One of the problems with the green movement is that environmentalists are often preaching to the converted. Local high school senior Michael Major wants to change that, and he started by challenging the public to ‘change the climate’ on a 50 foot sign above the freeway.

The giant banner hung on the side of a clean energy office building at 3402 Pico Blvd directly facing the I-10 freeway, causing thousands of drivers to reflect on what it means to change the climate.

The message is ambiguous, which is Major’s point — he wants to engage more people in actively thinking about climate change.

“I was hoping to reach those who usually neglect the climate crisis,” said Major. “I was hoping that those who drive by would see it and think about it maybe for the rest of the car ride or maybe just a little bit, and really consider it and try to unpack it.”

The idea first came to Major when he was touring the environmentally focused companies in the office building with a group of students last year. Major enjoyed the tour and made a strong impression on the property owner Ben Van de Bun, co-owner of Cypress Creek Renewables, Paramount Equity, LoanPal, FHR, and CEO and President of Guthy-Renker.

“What made Major stand out was that he listened, but he was not just “buying” the story he heard hook, line and sinker. He offered the following insight “aren’t you preaching to the already converted? Wouldn’t you do better if you could get more and new people to see things your way?,” said Jeff McKay, marketing manager for Cypress Creek Renewables and 8minute Solar Energy.

The renewable energy executives were impressed by Major’s observation and asked him what he would do differently. Major quickly rose to the challenge and offered the idea for the ‘change the climate’ sign.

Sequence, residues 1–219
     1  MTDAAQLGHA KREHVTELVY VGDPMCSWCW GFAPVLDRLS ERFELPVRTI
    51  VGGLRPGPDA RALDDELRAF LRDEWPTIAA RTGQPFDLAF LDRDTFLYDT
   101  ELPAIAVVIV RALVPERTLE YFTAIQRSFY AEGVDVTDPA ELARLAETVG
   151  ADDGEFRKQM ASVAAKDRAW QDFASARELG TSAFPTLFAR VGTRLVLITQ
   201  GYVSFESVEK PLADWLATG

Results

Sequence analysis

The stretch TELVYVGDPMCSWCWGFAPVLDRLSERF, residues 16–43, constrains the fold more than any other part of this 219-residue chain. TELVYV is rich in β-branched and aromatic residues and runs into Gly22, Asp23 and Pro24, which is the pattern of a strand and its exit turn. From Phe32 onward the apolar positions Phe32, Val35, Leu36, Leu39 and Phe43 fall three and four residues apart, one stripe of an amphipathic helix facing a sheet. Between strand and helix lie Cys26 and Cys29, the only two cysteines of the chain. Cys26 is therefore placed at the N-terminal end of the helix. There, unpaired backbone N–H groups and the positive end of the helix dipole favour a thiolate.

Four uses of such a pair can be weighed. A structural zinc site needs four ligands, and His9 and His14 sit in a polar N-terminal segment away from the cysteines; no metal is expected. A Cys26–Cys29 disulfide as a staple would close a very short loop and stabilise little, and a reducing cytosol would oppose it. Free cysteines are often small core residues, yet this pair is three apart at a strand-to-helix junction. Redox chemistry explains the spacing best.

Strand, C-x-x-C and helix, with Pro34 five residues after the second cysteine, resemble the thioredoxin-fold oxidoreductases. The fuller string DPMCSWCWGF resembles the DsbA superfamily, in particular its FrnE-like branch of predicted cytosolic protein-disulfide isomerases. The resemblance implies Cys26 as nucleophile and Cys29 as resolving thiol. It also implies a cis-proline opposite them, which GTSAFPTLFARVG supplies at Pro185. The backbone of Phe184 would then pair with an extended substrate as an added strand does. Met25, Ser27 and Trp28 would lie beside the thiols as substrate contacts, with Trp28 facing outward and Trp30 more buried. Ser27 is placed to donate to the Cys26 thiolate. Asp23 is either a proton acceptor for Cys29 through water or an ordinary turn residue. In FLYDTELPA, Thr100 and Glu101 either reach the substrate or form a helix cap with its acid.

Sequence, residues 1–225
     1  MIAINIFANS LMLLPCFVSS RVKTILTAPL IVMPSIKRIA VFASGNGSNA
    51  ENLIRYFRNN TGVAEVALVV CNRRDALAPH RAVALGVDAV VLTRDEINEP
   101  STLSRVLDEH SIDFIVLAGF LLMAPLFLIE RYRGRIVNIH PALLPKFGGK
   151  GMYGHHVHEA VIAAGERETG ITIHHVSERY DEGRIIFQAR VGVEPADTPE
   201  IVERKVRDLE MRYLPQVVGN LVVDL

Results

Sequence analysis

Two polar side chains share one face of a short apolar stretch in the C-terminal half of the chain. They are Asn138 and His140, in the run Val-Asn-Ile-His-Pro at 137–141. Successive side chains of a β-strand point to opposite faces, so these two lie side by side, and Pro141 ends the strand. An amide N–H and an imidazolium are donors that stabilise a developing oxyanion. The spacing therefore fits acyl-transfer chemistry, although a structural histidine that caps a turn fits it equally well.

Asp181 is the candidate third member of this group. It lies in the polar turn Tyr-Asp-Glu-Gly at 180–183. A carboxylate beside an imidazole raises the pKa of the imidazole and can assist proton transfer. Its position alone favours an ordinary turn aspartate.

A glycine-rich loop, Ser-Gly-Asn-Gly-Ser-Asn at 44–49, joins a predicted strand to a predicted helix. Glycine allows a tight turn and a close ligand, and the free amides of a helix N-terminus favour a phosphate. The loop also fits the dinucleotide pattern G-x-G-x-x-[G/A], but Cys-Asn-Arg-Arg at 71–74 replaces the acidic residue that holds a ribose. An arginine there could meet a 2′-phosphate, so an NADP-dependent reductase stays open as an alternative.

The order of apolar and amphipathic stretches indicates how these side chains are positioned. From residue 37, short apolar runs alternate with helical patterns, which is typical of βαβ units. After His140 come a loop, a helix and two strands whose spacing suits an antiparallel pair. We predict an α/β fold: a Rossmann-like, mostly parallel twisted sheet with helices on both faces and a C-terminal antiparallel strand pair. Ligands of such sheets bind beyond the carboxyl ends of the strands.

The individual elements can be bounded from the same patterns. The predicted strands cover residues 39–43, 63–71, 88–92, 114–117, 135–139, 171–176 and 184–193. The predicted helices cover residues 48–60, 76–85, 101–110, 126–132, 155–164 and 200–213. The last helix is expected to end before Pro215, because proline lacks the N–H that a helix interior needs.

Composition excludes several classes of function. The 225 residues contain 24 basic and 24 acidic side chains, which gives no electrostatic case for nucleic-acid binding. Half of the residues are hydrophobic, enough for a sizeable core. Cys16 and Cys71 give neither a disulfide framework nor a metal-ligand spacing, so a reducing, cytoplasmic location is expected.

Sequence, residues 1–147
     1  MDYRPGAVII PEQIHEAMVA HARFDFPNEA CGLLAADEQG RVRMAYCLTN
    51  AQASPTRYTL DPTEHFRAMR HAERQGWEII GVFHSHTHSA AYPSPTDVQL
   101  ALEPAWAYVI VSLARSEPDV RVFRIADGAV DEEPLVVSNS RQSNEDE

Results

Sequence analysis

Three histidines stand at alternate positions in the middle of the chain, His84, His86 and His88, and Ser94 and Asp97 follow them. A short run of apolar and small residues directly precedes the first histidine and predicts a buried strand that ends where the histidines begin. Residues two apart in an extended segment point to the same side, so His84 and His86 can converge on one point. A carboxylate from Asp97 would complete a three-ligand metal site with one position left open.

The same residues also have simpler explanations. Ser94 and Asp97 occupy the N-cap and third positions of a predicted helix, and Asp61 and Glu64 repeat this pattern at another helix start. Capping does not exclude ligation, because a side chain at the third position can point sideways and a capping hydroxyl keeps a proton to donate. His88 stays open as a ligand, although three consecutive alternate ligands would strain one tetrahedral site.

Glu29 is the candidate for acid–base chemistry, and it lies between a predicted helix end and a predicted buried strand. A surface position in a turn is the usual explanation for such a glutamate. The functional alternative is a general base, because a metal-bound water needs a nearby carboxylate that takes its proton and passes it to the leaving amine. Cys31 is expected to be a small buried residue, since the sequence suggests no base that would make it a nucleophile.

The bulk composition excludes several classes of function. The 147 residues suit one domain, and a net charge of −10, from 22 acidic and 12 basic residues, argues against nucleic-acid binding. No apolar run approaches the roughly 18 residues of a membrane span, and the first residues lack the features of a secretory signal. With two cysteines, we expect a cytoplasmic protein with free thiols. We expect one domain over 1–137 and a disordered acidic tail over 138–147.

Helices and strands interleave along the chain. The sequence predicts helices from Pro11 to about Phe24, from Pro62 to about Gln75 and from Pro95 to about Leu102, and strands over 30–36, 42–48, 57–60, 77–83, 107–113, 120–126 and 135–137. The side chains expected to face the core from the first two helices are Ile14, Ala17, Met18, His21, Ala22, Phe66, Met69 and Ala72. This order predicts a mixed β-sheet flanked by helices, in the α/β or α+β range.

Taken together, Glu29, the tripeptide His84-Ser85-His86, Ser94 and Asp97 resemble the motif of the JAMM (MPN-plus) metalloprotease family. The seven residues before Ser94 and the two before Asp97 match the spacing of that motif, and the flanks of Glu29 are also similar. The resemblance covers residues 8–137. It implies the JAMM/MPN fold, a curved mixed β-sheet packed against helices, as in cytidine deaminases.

“As marketers, we appreciated the visceral reactions it invoked from its provocativeness and ambiguity. As business people, we love the moxie from Michael saying ‘I can make and put up a sign on your building saying just that’… and he did,” said McKay.

Following Van de Bun’s approval, Major solicited the help of an artist friend, acquired the materials, and delivered the 50 foot bright fuchsia sign to the office. The sign was then mounted on the side of the building where over 30,000 cars drove by every day.

“I consider myself pretty entrepreneurial and I like to think outside the box on issues like this. I want to figure out how I can stand out and how to make issues I’m passionate about stand out,” said Major. “It’s not easy to make that happen, but if you spend time thinking about it and look at it from different angles, you can be far more successful.”

Major lives in Santa Monica, is a senior at the Chadwick School, and wants to study business in university. He believes that creative people make the best business people and points to Elon Musk as an example of someone who became hugely successful by voicing ideas no one else was brave enough to try.

To Major the sign was just one way to approach environmental outreach creatively. Major said that the previous generation failed to take action on climate change and that if his generation doesn’t try something different the problem will only be worse for the next generation.